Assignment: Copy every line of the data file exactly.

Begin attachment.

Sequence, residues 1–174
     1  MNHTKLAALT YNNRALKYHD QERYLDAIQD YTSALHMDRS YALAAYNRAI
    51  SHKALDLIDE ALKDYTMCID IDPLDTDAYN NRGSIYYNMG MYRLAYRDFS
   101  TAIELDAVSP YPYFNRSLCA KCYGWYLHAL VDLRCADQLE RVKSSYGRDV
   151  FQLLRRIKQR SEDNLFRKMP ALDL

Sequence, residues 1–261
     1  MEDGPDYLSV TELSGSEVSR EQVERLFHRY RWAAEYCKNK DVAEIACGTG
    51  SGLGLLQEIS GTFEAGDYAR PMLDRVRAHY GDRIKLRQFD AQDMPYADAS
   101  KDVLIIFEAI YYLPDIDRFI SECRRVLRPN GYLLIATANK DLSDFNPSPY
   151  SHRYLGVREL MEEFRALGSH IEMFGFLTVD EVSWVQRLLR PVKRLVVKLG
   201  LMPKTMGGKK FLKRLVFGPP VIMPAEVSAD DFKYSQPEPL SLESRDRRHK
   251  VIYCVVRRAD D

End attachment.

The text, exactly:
Sequence, residues 1–174
     1  MNHTKLAALT YNNRALKYHD QERYLDAIQD YTSALHMDRS YALAAYNRAI
    51  SHKALDLIDE ALKDYTMCID IDPLDTDAYN NRGSIYYNMG MYRLAYRDFS
   101  TAIELDAVSP YPYFNRSLCA KCYGWYLHAL VDLRCADQLE RVKSSYGRDV
   151  FQLLRRIKQR SEDNLFRKMP ALDL

Sequence, residues 1–261
     1  MEDGPDYLSV TELSGSEVSR EQVERLFHRY RWAAEYCKNK DVAEIACGTG
    51  SGLGLLQEIS GTFEAGDYAR PMLDRVRAHY GDRIKLRQFD AQDMPYADAS
   101  KDVLIIFEAI YYLPDIDRFI SECRRVLRPN GYLLIATANK DLSDFNPSPY
   151  SHRYLGVREL MEEFRALGSH IEMFGFLTVD EVSWVQRLLR PVKRLVVKLG
   201  LMPKTMGGKK FLKRLVFGPP VIMPAEVSAD DFKYSQPEPL SLESRDRRHK
   251  VIYCVVRRAD D